Social Norms – What is socially acceptable to you? Again, this could vary widely within a group or geographic area.
Keeping this context in mind, let’s talk metadata.
Now what about empathy metadata? I like to think in terms of an empathy map.
Who is the user and his/her context?
Audience – this is really where the context comes into play. Segment - is the division of the market or population into subgroups with similar motivations. Segments can include: geographic, demographic, use of product, level of expertise Persona - fictional characters (archetypes), which are created based upon research in order to represent the different user types that might use your service, product, site, or brand in a similar way.
Communication Goal – What does the company/brand want to communicate?
Emotional Mindset – What’s the mindset of the user? For example, in a retail context it could be: Needs Validation, Got to Be First/Early Adopter, Buy and Be Done with it, etc.
By incorporating these aspects into your metadata and tagging strategy allows you to delivery empathetic content to specific audiences.
Source for Emotional Mindset examples: Smith Report: Emotional Drivers of Purchase Decisions, https://smith.co/assets/docs/SMITH-POV-8-modes-of-shopping-report.pdf
Image: NN/g Nielsen Norman Group, https://www.nngroup.com/
Of course, there are additional types of metadata (photo color/treatment) and so on. This is just one slice.
Ultimately, you need to put yourself in your customer’s shoes.
Focus on qualitative methods, including: Walking the customer journey(s) Stories Qualitative Metrics Sentiment Focus Groups Interviews Customer support/call center feedback Sales team input, for B2C and B2B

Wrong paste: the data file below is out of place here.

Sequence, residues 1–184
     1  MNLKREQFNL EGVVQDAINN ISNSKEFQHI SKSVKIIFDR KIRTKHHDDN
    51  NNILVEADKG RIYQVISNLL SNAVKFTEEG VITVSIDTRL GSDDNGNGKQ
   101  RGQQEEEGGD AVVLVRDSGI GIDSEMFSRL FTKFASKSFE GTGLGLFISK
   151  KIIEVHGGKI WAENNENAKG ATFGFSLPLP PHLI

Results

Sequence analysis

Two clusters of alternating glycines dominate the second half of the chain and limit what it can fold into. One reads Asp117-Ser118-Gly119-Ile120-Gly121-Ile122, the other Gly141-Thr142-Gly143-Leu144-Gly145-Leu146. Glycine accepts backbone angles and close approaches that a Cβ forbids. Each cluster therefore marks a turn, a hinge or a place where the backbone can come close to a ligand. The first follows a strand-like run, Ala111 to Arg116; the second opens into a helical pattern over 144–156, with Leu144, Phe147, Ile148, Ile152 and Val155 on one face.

This will help you direct your tagging strategy and help you to course correct when needed.
A bit more definition on AI:
Artificial intelligence can be loosely interpreted to mean incorporating human intelligence to machines. Whenever a machine completes tasks based on a set of stipulated rules that solve problems (algorithms), such an “intelligent” behavior is what is called artificial intelligence.
Machine learning can mean empowering computer systems with the ability to “learn”.
Deep learning is a subset of ML; in fact, it’s simply a technique for realizing machine learning. In other words, DL is the next evolution of machine learning.
Affective AI - aims to create artificial intelligence that recognizes and responds to our moods, emotions, facial expressions, vocal undertones and other nonverbal cues
Images can be slippery and unreliable. Full of contradictions.
The apple with a title of “This is Not an Apple.”
The water feature that could be mistaken for a syringe.
Interpretation of an emotional state: laughing so hard you are crying.
As humans, with our experience – we have a nuanced interpretation of these images. AI cannot always discern these differences.
Image (Girl): https://commons.wikimedia.org/wiki/File:When_was_the_last_time.jpg Apple (This is Not and Apple, Rene Magritte): https://www.wikiart.org/en/rene-magritte/this-is-not-an-apple-1964 Water Feature: https://www.theverge.com/2019/7/19/20700481/ai-machine-learning-vision-system-naturally-occuring-adversarial-examples